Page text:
==== 8. Contact Us ==== About the newsletter -- letters@winnetmag.com About technical questions -- http://www.winnetmag.com/forums About product news -- products@winnetmag.com About your subscription -- winnetmagupdate@winnetmag.com About sponsoring UPDATE -- emedia_opps@winnetmag.com

==========

This email newsletter is brought to you by Windows & .NET Magazine, the leading publication for IT professionals deploying Windows and related technologies. Subscribe today. http://www.winnetmag.com/sub.cfm?code=wswi201x1z

1. Getting Connected - Organizing Photos for Non-Dummies, Part 2

2. News and Views

- Internet Crime Sweep Nets 125 Cybercriminals - Congress Passes 2 Antispam Bills - Kazaa Launches Peculiar Advertising Blitz - RealNetworks Asks Europe to Force Microsoft to Remove WMP - Pearl Jam Launches First Self-Published Music CD - Microsoft Plans Online Music Store - Cell Phones Might Spell Doom for Land Lines

3. Announcements

- 2004 Date Announced: Windows & .NET Magazine Connections - Quick Answers for Microsoft Small Business Server

4. Quick Poll

- Results of Previous Poll: How Many DVDs Do You Own? - New Poll: Home Theater Monitor Preference

5. Resource

- Tip: Aggregate Your News

6. Event

- New--Microsoft Security Road Show!

7. New and Improved

- Organize, Archive, and Enhance Your Digital Photos - Tell Us About a Hot Product and Get a T-Shirt!

8. Contact Us

- See this section for a list of ways to contact us.

==== Security Administrator ====

Try a Sample Issue of Security Administrator

Security Administrator is the monthly newsletter from Windows & .NET Magazine that shows you how to protect your network from external intruders and control access for internal users. But don't just take our word for it. Sign up for a sample issue right now. You'll feel more secure just knowing you did. Click here! http://www.secadministrator.com/rd.cfm?code=fsei253xup

==== 1. Getting Connected ====

By Paul Thurrott, News Editor, thurrott@connectedhomemag.com

Organizing Photos for Non-Dummies, Part 2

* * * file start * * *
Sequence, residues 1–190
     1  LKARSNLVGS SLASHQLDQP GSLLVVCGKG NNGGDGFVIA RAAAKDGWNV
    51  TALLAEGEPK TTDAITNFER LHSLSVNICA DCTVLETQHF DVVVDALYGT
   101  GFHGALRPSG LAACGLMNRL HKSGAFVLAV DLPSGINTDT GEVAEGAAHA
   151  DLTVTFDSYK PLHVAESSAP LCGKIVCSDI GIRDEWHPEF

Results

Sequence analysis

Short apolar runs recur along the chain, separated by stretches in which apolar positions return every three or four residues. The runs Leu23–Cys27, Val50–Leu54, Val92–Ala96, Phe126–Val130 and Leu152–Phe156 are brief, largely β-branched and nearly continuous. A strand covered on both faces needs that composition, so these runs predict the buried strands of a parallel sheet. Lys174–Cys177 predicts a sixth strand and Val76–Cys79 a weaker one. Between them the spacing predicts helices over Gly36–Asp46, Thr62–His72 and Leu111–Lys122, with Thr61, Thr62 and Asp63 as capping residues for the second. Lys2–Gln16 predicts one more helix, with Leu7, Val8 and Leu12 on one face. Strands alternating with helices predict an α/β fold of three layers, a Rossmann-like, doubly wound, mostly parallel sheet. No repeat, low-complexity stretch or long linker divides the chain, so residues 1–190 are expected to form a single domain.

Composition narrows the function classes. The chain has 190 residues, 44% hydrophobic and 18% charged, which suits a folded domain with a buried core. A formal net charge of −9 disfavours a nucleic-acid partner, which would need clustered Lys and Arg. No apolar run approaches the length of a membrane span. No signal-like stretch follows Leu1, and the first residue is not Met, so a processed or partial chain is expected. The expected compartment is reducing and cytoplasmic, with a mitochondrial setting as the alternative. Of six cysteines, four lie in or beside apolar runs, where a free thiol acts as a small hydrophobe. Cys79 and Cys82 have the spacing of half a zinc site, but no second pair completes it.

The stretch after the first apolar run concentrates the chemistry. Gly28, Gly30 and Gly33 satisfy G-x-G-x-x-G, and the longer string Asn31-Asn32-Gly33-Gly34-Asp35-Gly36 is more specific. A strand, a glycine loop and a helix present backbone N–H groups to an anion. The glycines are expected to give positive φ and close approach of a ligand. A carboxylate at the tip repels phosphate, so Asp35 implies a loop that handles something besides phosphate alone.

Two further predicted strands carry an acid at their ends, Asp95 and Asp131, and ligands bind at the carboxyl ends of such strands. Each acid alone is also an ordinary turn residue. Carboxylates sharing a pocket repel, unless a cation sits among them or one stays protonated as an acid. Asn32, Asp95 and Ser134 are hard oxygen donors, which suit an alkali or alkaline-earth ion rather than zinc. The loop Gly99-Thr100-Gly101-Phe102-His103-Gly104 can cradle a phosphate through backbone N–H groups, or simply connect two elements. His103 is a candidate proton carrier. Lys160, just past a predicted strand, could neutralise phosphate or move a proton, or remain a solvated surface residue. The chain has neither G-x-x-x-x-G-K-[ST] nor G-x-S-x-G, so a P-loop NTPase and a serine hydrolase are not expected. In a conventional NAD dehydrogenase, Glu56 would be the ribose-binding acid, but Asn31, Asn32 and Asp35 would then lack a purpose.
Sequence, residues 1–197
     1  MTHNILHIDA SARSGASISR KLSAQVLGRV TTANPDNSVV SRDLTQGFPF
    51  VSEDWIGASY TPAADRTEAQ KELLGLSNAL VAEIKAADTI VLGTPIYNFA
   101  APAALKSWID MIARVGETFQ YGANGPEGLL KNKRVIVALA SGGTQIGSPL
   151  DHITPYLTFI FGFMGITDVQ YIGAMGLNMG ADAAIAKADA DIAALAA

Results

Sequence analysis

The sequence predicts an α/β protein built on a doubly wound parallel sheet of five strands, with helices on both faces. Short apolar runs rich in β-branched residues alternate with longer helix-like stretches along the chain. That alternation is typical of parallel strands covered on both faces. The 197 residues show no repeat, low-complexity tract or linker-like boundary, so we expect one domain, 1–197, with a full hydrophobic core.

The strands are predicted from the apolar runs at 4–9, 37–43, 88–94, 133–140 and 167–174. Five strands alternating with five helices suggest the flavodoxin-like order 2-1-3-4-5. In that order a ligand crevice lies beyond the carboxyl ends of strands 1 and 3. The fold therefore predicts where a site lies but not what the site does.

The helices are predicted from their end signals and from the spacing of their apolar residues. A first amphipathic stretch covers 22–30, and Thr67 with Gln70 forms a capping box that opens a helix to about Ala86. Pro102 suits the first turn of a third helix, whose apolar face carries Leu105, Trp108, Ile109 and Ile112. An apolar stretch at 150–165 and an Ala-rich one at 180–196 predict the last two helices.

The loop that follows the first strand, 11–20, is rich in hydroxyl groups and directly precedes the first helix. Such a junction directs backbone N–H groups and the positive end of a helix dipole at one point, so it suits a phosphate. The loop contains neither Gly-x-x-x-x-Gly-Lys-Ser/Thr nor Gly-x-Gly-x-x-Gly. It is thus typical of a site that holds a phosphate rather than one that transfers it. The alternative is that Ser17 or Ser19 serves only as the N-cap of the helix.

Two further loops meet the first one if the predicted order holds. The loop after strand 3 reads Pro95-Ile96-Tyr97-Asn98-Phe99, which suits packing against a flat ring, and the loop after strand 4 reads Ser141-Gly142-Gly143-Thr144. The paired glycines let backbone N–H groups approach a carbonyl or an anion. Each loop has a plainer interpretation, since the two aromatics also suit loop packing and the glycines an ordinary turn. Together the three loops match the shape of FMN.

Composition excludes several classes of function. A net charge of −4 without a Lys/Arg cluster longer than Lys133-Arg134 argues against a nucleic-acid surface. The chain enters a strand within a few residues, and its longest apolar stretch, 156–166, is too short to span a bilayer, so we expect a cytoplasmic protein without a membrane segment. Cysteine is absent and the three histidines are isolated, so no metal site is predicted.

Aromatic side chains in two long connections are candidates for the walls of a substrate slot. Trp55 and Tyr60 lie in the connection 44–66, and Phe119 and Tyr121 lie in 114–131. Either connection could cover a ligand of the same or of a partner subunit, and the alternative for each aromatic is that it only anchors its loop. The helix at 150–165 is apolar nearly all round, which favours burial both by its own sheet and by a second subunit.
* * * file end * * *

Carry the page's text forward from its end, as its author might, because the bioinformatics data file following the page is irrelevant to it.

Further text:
In "Organizing Photos for Non-Dummies, Part 1 ( http://www.connectedhomemag.com/visual/articles/index.cfm?articleid=40912 ), I began my look at the most recent photo-management and photo-editing software packages. That discussion concentrated on two products: Adobe Systems' Adobe Photoshop Album 2.0 and Microsoft Picture It! Digital Image Suite 9.0. This week, I'll conclude my examination of the Microsoft entry and look at a third product, Jasc Software's Paint Shop Photo Album 4.0. Although Digital Image Library 9.0 is the newcomer to the more comprehensive Digital Image Suite, its Digital Image Pro 9.0 image editor is the most recent version of a product that's been around a while. Digital Image Pro is a full-featured image editor that lets you touch up photos, apply special effects, and edit multiple pictures simultaneously. I have little doubt that most digital-photo enthusiasts would be quite happy with the product. The application uses a Windows XP-like, task-based UI. A strip of tasks--Quick Links, Touchup, Format, Effects, Edges, and Add Something--dominates the left side of the application window, and two image wells, dubbed Stack and Files, fill up the right side. The Stack well contains image layers that appear to be analogous to those that you use in applications such as Adobe Photoshop, and the concept of a stack reminds me of a similar feature in Microsoft's earlier Office drawing package, PhotoDraw. Basically, a stack is an individual object in an image file, and it's a construct that the typical consumer won't find terribly relevant. The Files well contains all the photos with which you're working. Microsoft has taken the task-based approach to an extreme in Digital Image Pro, and the product is wonderfully successful at stepping users through common tasks. In short, you load a photo and select a task--such as "Brightness and Contrast" or "Fix Red Eye"--complete the task, and move on. While you're completing a task, the software typically presents you with a series of steps. For example, "Fix Red Eye" instructs you to "Zoom in on the eyes, click the red part of the eyes," then click "Red-eye autofix" or "reset" to continue. To close the task, you click Done or Cancel. The software is extremely easy to use, and if you're familiar with the task at hand, you can skip the explanatory text and get to work. The problem with this package is that you must spend more than $100 for the full Digital Image Suite, which includes both products; you can't buy Digital Image Library separately. Frankly, I think Digital Image Pro is a more successful product than Microsoft's library application anyway, so you might be better off buying just Digital Image Pro and skipping the full suite product. You've probably heard of Jasc's Paint Shop Pro, which is a popular and powerful bargain-priced digital-image editor. Paint Shop Pro has done so well that its parent company has launched a suite of products under the Jasc name. The latest product is Paint Shop Photo Album 4.0, which helps you easily capture, organize, share, print, and find your digital photos. In most respects, Paint Shop Photo Album is superior to both Adobe Photoshop Album and Digital Image Library because it offers simpler access to advanced features such as panorama creation and batch image editing. Sadly, however, Paint Shop Photo Album uses a hierarchical, Windows Explorer-like organizational structure--like the Microsoft product--which gives the product a less natural feel than Adobe's excellent product. The interface is the first and most obvious way that these products differentiate themselves. Adobe's entry grudgingly lets you view photos hierarchically (by folder structure) but defaults to a simpler, tags-based view that is as graphical by nature as the photos you're trying to find. The product also features a similarly well-designed photo well and calendar views. So, if you want an elegant interface, Adobe is the way to go. However, after you get past its utilitarian interface, Paint Shop Photo Album exposes more functionality than the competition. In fact, Jasc's entry might let you forgo a dedicated image-editing application, such as Adobe Photoshop Elements 2.0 or Digital Image Pro 9.0. For example, Paint Shop Photo Album's batch-resizing and photo-renaming features are more full-featured, if less wizardlike, than similar features in the Adobe and Microsoft products--a boon for people like me who upload lots of pictures to custom Web sites. With Adobe's product, I'm forced to return to Adobe Photoshop Elements, itself a $100 product, to easily batch resize and rename photos. So which is the best image-management package? Typical consumers will want the elegance and simplicity of Adobe Photoshop Album. Consumers who have more technical needs should consider Jasc's interesting Paint Shop Photo Album. And be sure to download the trial version of Paint Shop Pro 8.0 while you're at it; this package includes some features that even Adobe Photoshop CS can't match, including a cool Background Eraser tool I'm now examining for a future review. Because you can't buy Microsoft's image-management application without buying the entire suite, that product should fairly be compared with similar suites from Adobe and Jasc, neither of which are as integrated as Microsoft's offering. Today, for roughly the same price, you can buy Jasc's Paint Shop Power Suite - Photo Edition, which includes both Paint Shop Pro 8.0 and Paint Shop Photo Album 4.0; Adobe Photoshop Elements 2.0 with Adobe Photo Album 2.0 (really a bundle and not an integrated suite); or Digital Image Suite 9.0. Microsoft's suite is probably the simplest offering, and Adobe Photoshop Elements is a bit too complicated, I think, for average users. However, I use Adobe Photoshop Elements regularly; if you take the time to master its interface, it won't let you down. But don't expect the simple step-by-step walkthroughs that Microsoft provides. I don't have an obvious winner to declare. All these products offer some unique features and address a wide gap in XP's core digital-photo functionality. As is often the case, the product you end up choosing will be the one that most closely matches your needs.